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Deinonychus Stilt-Shoes

Two reasons to get others to look up to you
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Before getting to the design of the titular Shoe, let's talk about "lower legs". Keep in mind that, long long ago, when fish first started crawling onto land, they featured a particular physical "leg" structure that has been pretty- much retained (in terms of key bones) ever since. But different evolutionary paths did different things.

As a simple example, look at the hind leg of a dog. There is a "thigh" section, a "calf" section, and a LONG "foot section"; the dog actually walks on the equivalent of "tip- toe". The hind legs of most 4-legged mammals are similar. Humans are unusual in this regard almost certainly because we are bipeds; we need to have that whole "foot section" on the ground almost all the time, for stability (and also less effort expended while standing).

Now look at a different biped, a bird's leg. The thigh section is practically invisible under the feathers (see link). The calf section and foot section are similar to that of the dog, but the tip-toe portion has become practically a foot-section all by itself, with widely splayed toes for stability and less effort expended while standing.

As it happens, birds are directly descended from the "therapod" family of dinosaurs; they survived the Extinction of their larger cousins such as T.Rex and velociraptor. It should be noted that various fictional works have tended to exaggerate the size of velociraptors; they were typically not much bigger than a human 5-year old (not counting the tail) (see link). However, one of the other ancient bird-cousins, "deinonychus", was perhaps as big as a 12-year-old (not counting the tail) (see link) --and rather more dangerous. It is not impossible that the two species have simply been confused in those fictional works.

Now let's look at a particular type of existing stilts, known as "drywall stilts" (linked). These have adjustable height (but no more than a meter total). The key thing to note here is that, unlike a more-common stilt design, these strap to the calf-section of the leg, which frees the user's hands for various other things.

Let us therefore start with the calf-strap for this Idea's stilts. The frame of the stilt descends to where the FOOT can be strapped in place, also. This place needs to be as comfortable as a shoe, of course. There is either a very solid and strong angle-piece here, or a limited-range hinge, between the metal that goes up to the calf-strap, and the metal that goes under the foot.

The metal that goes under the foot keeps on going. What we are doing here is simulating that long "foot section" described above for a dog. So, if you stand straight from foot-straps, your foot must be at an angle so that that metal foot-section can have only its end touch the ground. Likely anyone who was ever comfortable wearing high- heel shoes will know about the angle I'm describing here.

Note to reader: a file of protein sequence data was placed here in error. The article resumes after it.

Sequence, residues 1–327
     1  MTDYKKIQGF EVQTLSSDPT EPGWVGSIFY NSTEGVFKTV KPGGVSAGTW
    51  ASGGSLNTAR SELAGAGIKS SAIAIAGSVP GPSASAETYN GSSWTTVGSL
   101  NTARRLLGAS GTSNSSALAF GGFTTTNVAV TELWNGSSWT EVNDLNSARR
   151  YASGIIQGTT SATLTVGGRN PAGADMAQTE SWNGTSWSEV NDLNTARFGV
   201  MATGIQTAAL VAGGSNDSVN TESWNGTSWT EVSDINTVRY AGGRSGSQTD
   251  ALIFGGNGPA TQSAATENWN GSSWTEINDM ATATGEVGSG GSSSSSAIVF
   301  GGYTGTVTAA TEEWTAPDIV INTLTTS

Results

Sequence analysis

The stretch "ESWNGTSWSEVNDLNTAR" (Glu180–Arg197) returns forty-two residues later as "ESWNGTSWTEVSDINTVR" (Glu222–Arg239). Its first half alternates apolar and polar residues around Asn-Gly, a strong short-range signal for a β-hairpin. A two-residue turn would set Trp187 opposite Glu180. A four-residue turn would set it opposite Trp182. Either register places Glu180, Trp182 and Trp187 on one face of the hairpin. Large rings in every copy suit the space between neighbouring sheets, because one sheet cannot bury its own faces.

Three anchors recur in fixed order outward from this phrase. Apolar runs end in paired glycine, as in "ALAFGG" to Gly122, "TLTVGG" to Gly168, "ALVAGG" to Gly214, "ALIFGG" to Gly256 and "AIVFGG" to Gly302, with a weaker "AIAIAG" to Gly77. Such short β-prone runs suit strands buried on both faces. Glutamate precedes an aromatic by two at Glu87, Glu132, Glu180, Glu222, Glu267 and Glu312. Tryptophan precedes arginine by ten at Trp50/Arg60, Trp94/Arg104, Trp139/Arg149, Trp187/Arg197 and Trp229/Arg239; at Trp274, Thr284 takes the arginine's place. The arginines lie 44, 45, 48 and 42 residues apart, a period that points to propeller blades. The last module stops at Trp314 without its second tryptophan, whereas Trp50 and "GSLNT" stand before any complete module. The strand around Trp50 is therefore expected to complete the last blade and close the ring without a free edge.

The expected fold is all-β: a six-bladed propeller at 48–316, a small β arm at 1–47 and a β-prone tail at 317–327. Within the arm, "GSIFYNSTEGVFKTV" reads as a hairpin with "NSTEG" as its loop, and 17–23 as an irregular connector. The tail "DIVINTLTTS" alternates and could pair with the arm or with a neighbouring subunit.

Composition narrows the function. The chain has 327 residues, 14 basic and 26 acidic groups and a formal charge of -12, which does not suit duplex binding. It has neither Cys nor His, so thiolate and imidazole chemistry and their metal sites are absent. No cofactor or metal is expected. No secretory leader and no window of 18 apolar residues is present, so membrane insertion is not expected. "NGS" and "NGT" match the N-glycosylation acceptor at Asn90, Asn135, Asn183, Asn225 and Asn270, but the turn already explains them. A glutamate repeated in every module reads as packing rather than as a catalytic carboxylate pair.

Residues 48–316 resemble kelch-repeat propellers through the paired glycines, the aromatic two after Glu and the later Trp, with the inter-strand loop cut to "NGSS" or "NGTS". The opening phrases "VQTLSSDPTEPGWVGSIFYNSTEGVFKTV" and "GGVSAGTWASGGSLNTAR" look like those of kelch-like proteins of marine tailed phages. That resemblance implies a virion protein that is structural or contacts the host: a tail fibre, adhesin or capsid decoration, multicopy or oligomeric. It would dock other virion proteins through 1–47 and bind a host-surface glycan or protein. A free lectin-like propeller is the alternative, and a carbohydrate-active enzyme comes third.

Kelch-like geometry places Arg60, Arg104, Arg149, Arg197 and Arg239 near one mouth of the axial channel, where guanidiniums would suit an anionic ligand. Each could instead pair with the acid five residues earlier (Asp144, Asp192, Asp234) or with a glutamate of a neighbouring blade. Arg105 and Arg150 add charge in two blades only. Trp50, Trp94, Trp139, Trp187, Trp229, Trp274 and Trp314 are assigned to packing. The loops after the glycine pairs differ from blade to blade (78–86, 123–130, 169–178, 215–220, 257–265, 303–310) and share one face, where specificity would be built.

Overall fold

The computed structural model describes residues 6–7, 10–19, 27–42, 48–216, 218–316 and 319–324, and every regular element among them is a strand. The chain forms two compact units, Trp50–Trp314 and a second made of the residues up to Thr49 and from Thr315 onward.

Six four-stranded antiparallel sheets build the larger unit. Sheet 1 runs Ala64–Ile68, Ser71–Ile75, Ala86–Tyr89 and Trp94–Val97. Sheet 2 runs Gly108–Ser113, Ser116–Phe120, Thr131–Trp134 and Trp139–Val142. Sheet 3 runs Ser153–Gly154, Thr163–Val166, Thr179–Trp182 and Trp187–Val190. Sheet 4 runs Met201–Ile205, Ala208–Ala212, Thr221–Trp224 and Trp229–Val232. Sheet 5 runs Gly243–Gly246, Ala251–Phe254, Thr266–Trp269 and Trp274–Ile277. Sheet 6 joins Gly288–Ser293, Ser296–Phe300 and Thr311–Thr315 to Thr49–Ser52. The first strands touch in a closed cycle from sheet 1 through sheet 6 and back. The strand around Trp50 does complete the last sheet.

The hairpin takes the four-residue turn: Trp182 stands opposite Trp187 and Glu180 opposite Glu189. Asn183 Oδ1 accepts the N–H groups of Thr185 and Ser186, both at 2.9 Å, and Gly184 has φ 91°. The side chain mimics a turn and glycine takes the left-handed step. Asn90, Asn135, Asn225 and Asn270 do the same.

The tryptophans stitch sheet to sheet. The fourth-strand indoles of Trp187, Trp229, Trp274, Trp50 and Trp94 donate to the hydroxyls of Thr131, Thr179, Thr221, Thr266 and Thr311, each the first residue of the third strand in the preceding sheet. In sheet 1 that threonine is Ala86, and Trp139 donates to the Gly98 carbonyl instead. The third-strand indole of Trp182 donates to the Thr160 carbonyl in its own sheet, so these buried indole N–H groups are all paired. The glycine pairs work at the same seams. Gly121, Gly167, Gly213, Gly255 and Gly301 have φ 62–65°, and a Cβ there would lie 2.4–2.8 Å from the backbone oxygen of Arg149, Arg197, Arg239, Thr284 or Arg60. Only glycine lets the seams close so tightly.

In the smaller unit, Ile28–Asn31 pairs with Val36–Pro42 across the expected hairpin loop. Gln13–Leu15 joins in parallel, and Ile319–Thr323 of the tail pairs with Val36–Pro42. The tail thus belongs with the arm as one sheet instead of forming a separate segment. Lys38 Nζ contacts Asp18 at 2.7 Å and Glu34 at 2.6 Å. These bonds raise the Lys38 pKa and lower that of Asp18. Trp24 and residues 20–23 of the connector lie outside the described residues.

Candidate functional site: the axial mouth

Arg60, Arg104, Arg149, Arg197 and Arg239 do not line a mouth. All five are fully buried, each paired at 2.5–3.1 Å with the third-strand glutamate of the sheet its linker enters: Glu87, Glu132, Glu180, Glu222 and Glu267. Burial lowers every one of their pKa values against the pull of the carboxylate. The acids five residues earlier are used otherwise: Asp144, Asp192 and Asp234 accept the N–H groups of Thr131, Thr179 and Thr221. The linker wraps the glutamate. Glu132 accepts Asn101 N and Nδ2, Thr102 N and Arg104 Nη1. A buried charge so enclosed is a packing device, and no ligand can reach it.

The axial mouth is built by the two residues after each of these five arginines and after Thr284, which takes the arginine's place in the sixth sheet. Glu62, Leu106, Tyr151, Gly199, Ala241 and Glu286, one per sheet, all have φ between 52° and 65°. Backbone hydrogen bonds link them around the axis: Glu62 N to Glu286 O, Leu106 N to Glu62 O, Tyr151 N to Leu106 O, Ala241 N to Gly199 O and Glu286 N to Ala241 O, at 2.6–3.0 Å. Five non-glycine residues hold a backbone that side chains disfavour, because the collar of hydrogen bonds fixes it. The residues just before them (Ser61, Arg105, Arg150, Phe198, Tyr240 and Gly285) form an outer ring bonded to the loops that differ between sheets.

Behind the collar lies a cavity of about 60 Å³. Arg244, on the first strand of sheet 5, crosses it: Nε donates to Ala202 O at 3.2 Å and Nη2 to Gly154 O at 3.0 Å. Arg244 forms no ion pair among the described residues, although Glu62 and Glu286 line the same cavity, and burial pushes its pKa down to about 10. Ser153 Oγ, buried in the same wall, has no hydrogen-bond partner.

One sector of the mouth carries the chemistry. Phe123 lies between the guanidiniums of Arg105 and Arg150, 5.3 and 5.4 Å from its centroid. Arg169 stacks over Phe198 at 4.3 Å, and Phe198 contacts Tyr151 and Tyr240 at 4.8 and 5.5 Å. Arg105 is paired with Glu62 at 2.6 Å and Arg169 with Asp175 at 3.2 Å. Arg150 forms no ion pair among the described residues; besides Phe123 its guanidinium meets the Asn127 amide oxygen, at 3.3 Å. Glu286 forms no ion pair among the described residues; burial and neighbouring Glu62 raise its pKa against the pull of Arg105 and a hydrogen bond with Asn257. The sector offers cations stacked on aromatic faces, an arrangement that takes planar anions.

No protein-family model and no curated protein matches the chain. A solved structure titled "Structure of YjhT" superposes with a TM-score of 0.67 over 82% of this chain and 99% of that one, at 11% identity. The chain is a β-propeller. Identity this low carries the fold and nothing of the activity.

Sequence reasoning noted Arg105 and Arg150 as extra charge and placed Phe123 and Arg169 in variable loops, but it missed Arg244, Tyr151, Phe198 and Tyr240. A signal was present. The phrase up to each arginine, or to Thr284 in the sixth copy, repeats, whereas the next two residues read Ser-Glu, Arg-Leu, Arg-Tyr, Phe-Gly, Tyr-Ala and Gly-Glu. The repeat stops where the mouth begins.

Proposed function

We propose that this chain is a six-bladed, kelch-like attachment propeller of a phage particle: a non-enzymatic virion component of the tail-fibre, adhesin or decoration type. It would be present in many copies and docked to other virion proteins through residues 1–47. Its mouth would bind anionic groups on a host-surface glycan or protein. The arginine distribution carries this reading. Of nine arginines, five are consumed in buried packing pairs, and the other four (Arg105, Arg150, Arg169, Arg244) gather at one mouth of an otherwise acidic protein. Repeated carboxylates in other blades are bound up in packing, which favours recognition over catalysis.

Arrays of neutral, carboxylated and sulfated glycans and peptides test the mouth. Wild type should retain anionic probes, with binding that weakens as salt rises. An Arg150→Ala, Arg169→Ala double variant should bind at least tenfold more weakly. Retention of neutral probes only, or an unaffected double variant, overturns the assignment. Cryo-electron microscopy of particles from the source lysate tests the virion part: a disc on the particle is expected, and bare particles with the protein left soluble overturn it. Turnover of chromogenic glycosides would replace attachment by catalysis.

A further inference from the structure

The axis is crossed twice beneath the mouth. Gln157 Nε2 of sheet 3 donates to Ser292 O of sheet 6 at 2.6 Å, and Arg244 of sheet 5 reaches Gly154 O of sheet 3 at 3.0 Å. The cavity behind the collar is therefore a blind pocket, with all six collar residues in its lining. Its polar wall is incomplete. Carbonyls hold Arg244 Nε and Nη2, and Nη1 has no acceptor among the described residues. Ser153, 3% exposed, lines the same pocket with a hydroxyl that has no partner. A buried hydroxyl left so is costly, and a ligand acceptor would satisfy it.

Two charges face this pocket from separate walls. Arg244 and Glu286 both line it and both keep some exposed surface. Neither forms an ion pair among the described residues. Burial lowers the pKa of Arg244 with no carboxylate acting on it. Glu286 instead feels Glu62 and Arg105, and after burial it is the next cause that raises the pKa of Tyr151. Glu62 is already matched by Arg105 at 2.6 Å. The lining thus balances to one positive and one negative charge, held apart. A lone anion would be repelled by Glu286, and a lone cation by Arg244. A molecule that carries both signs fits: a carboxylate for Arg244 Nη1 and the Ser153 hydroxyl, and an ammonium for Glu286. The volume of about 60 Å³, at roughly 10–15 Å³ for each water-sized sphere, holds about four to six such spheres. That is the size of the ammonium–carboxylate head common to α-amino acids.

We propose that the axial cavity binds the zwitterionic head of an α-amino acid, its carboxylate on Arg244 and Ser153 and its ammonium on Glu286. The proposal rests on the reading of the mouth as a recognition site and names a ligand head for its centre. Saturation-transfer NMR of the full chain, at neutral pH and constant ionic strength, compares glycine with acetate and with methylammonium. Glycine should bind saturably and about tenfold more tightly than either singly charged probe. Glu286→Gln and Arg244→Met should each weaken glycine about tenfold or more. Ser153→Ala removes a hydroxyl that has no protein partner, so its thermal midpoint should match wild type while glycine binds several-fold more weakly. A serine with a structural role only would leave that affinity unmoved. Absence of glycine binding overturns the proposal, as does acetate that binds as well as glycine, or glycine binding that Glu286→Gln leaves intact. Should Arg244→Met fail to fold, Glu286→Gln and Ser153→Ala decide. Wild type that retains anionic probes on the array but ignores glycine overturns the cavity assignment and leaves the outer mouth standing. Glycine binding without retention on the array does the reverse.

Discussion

Alternately, if you bend your knee, then your foot need not be at a high-heel-shoe angle, because the calf-section of your leg will no longer be vertical. This will also make it easier to get your center-of-mass over the parts of the stilts that actually touch the ground (the tip-toe section).

Meanwhile, because we recognize it could be tiring to try to walk around with the knees bent all the time, we could consider a solid extension of the stilt from the calf-strap up-at-an angle (angling away from the calf and behind you, not along the calf's length). This solid section of the stilt could end in a cushioned support for one buttock. And since you are wearing two stilts, you can sit both your buttocks somewhat comfortably even while your knees are bent and, technically, you are still standing on the tip-toe sections of the stilts.

Now for the final touch. Like a bird or velociraptor, we want anyone wearing these stilts to have stability. So we add the equivalent of splayed toes at the bottom of the stilt. One of those toes, of course, can end in a huge "terrible claw" capable of disemboweling anyone who doesn't "look up to you" properly.... That's why these are called "Deinonychus Stilt-Shoes", of course!

Vernon, Oct 07 2013

Bird legs and other stuff https://en.wikipedi...g/wiki/Bird_anatomy
As mentioned in the main text. [Vernon, Oct 07 2013]

About velociraptors https://en.wikipedi...g/wiki/Velociraptor
As mentioned in the main text. [Vernon, Oct 07 2013]

Drywall Stilts http://www.homedepo...645164#.UlIwsNK-rwo
As mentioned in the main text. [Vernon, Oct 07 2013]

Deinonychus https://en.wikipedia.org/wiki/Deinonychus
As mentioned in the main text. [Vernon, Oct 07 2013]

Big therapods... http://en.wikipedia.org/wiki/Deinocheirus
Deinonychus? Try Deinocheirus. [neutrinos_shadow, Oct 07 2013]

30 shoes very different. http://www.youtube....watch?v=sXrxMiGalSw
Wich is the closest match to your idea? [popbottle, Oct 08 2013]

[link]






       I first came up with and sketched basically this very idea about 15 years ago. My differences:
1: A shock absorber between the "boot" and the "calf" sections to help your ankle
2: The toes of your foot rest on a plate that is connected to the stilt "foot", giving you control of the "foot" angle (leverage details to be worked out...)
3: The "claws" are free to pivot, but with a "counterpoint" underneath the middle of the "foot", so they always grab, regardless of the angle/bumps on the ground.
I'll do a drawing when I find the time.
neutrinos_shadow, Oct 07 2013
  

       Without knowing the proper spelling I read this as `Dionysis Stilt-Shoes`.   

       Totally different thing...   
      
[annotate]
  


 

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